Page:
Take xigxag for example, a Cornwall-based start up seeking to revolutionize the way we read. xigxag’s application offers users the first of its kind, fully integrated listen-and-read experience, which allows readers to enjoy audiobooks and ebooks in one. However, as a small, mission-driven company, it’s almost impossible for them to compete with in-built book apps from Apple and Google, not to mention Amazon – especially with the exorbitant app tax and other app store restrictions currently forced on them by gatekeepers. If xigxag could compete on a truly level playing field, they could serve their customers better, grow more quickly, create additional jobs, and deliver their innovative product – and the joy of books – to more consumers across the UK. 

Fortunately, the UK government is already well-prepared to address the challenges that many app developers like xigxag currently face.

In April of 2021 the UK government launched the Digital Markets Unit (DMU), which was conceived in response to the Furman report and exists to “[promote] greater competition and innovation in [digital] markets and [protect] consumers and businesses from unfair practices.” The DMU is tasked with operationalising a new pro-competition regime for digital markets, which would allow the Competition and Markets Authority (CMA) to adopt codes of conduct and pro-competition intervention to ensure that digital markets are freed from monopolistic constraints, which would stimulate competition, innovation and economic growth. This regime, which now needs to be placed on a statutory footing, would only apply to gatekeepers with significant market power.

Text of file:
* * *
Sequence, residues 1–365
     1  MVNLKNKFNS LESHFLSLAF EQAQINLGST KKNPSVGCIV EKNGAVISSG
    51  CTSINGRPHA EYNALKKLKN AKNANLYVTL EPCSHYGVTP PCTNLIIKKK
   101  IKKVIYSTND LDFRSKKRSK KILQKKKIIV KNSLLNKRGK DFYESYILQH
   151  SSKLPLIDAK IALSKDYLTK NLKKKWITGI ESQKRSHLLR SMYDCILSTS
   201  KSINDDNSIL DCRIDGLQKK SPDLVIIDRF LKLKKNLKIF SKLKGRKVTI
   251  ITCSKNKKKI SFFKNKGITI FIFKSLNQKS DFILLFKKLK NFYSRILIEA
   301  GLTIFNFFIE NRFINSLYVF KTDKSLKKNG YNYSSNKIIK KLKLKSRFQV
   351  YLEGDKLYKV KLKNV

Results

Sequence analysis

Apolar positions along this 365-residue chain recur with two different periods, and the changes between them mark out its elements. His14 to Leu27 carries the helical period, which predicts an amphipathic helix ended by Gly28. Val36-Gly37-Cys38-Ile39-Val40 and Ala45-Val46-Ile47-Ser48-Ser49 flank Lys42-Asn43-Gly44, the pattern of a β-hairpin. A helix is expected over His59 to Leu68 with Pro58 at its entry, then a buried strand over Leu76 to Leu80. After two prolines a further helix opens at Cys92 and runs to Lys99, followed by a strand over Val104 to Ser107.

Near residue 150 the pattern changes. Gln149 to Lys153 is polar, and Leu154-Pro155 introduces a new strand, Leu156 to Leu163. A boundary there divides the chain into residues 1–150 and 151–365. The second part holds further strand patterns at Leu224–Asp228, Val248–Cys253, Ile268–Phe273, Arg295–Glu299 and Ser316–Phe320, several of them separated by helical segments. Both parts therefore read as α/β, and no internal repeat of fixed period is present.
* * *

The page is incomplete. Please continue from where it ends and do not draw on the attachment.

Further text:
Adopting the Digital Markets, Competition and Consumer Bill and creating a pro-competition legal framework will stimulate economic growth by ensuring that the best ideas, products and business models triumph. 

With a well crafted regime, the UK government has a unique opportunity to become a leader as many other countries are seeking to address the anticompetitive practices of mobile gatekeepers. 

As the Sunak government sets out to address the many challenges facing the UK economy, enacting a pro-competition regime remains a huge opportunity to boost the digital sector and the UK economy as a whole. 

By Rick VanMeter, Executive Director of the Coalition for App Fairness


About the Coalition for App Fairness

The Coalition for App Fairness is an independent nonprofit organization formed to protect consumer choice, foster competition, and create a level playing field for all app and game developers globally. Originally formed by Basecamp, Blix,, Deezer, Epic Games, the European Publishers Council, Match Group, News Media Europe, Prepear, Proton, Skydemon, Spotify, and Tile, CAF has rapidly grown from 13 to over 70 members since launching in September 2020. CAF offers membership to companies of any size — join today at

CAF Contact

[email protected]

December 7, 2022